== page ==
The book presents a damning image of the CBI, long seen by people as a body devoid of the prejudices of the police constabulary, by detailing just how evidence was tampered with, how witnesses suddenly did a volte face and how the court chose to ignore some of the most obvious facts that would have shown the innocence of the Talwars.
Aarushi does not seek to solve the case or even hint at who the murderer could have been. Instead, it elucidates the blunders the investigation teams made, right from the first day. It presents a damning image of the CBI, long seen by people as a body devoid of the prejudices of the police constabulary, by detailing just how evidence was tampered with, how witnesses suddenly did a volte face and how the court chose to ignore some of the most obvious facts that would have shown the innocence of the Talwars. Along the way, the book attempts to understand why the investigating officers might have been biased against the parents, how deep-rooted belief systems and a lack of understanding, or familiarity, with urban middle-class lifestyles worked against not just the parents, but also served to present a young girl as promiscuous and “loose”.
It is with sheer horror that I read the book. At one point, I kept it aside for a day or two, unable to continue. Cecil the Lion was dead, a victim of someone’s idea of fun. Yakub Memon had hanged, under circumstances that are only another large can of worms. The world seemed bleak, even on a bright day. The book wasn’t making it any better. But I pick up the book again soon after. Aarushi is a book that you cannot put down. Yet it is the sorts that you don’t want to turn the next page of, dreading how bad it will get, page after page after page.
What does the book say about us as a people, I have wondered. The possible answers are not pleasant to admit. It talks of a nation that is largely comfortable in being told what and how to think. It is in cases such as this that you begin to fully acknowledge the reach of the idea of manufacturing consent, and the unrelenting power it holds over its consumers. Logic, rational thought, even as far as the truth is mercilessly butchered at the altar of what is convenient to the decision-making few. If this is the collective conscience, then I opt out, take my name away, I want no part in it.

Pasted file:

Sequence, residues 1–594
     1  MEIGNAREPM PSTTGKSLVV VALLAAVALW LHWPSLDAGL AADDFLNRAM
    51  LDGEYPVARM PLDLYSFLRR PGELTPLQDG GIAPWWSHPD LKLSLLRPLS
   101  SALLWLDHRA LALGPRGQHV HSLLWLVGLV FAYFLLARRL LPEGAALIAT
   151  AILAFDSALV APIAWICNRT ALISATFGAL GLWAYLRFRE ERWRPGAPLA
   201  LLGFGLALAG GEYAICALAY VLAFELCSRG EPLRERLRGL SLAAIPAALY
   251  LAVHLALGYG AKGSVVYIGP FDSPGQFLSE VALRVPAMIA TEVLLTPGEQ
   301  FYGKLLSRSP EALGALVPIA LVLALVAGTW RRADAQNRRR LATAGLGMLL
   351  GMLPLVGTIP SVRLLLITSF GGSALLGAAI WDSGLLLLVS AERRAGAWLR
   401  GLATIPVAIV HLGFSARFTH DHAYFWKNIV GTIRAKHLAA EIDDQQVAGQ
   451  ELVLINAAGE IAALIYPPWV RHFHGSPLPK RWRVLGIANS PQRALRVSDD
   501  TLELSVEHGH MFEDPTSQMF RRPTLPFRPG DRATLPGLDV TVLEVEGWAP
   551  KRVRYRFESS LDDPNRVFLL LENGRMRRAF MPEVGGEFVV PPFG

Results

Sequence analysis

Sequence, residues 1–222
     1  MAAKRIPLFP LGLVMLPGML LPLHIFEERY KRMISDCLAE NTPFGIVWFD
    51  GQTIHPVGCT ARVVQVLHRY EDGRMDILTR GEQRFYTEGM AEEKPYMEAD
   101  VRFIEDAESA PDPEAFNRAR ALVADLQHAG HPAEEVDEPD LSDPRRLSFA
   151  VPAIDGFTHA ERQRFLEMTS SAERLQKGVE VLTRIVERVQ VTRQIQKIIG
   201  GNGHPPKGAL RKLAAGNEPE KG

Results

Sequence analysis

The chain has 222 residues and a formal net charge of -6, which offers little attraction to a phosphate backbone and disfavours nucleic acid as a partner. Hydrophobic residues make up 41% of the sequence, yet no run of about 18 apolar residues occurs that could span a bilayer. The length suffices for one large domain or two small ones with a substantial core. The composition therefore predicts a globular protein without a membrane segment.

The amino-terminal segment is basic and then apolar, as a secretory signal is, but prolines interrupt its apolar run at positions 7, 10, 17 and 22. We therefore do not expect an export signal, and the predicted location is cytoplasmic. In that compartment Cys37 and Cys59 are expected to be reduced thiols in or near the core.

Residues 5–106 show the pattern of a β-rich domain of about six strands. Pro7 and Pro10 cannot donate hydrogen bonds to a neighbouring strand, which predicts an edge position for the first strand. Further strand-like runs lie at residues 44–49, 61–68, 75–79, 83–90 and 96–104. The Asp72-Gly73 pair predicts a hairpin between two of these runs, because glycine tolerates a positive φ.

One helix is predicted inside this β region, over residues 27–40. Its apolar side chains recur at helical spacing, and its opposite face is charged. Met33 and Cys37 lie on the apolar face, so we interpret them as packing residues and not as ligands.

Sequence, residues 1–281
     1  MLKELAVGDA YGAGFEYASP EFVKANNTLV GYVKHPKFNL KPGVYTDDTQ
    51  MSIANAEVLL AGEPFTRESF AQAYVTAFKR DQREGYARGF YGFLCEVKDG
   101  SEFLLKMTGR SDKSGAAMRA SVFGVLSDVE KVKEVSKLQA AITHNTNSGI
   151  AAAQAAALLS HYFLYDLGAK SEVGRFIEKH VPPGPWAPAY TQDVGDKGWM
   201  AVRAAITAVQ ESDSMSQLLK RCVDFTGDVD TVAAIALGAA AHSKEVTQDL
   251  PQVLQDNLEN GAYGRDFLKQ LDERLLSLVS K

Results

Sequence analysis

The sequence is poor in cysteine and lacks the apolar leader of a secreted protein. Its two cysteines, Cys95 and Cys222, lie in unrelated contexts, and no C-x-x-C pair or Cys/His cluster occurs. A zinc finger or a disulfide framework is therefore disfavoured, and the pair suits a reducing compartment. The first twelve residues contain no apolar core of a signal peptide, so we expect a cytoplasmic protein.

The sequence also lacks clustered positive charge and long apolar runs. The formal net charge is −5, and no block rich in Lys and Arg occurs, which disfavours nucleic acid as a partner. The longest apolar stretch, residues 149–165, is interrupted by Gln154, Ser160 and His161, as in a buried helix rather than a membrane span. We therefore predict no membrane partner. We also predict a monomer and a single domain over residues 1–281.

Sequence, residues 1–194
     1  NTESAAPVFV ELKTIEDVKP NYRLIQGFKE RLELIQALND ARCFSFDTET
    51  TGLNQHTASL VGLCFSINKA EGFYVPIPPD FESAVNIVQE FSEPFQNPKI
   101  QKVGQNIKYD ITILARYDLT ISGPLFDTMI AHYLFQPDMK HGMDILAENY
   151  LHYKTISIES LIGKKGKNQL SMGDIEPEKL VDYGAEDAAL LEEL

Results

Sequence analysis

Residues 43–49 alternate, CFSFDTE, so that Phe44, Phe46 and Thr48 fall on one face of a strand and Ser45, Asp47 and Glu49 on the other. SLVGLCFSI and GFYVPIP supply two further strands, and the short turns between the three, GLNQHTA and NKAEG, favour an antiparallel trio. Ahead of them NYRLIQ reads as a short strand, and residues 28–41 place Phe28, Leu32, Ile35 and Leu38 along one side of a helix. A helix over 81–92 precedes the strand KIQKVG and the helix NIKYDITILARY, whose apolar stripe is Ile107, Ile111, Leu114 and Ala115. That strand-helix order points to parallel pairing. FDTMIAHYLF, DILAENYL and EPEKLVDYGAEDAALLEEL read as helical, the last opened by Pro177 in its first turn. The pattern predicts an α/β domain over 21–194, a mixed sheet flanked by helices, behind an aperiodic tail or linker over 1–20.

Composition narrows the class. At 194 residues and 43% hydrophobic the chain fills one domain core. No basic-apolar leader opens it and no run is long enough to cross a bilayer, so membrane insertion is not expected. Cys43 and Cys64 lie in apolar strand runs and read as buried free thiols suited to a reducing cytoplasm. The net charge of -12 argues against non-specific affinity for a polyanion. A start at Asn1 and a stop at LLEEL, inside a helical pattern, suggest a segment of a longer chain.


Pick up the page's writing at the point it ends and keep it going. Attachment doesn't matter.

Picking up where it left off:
Logic, rational thought, even as far as the truth is mercilessly butchered at the altar of what is convenient to the decision-making few. If this is the collective conscience, then I opt out, take my name away, I want no part in it.
The American journalist Sarah Koenig hosted a podcast called Serial in 2014 where, over 12 episodes, she probed into the murder of a high-school student, whose ex-boyfriend Adnan Syed stood convicted of killing her. She spoke to friends, teachers, family and evolved a gripping narrative into the details of the murder and Syed’s personality, and picked holes in the investigation. Millions turned investigators themselves, forums erupting everywhere to discuss the episodes and draw their own conclusions. It was the radio equivalent of the Aarushi case, albeit backed by fantastic, if rather voyeuristic, storytelling. But the podcast generated so much publicity that Syed was allowed to appeal his conviction, previously denied.
Whether Syed is guilty or not is not the point. Whether the Talwars are guilty or not, that is again not the point. Perhaps Aarushi the book will do what Serial did to Syed. Give them a fair chance.
Avirook Sen’s Aarushi is one book that is not just a must read, but also one that is essential to be read.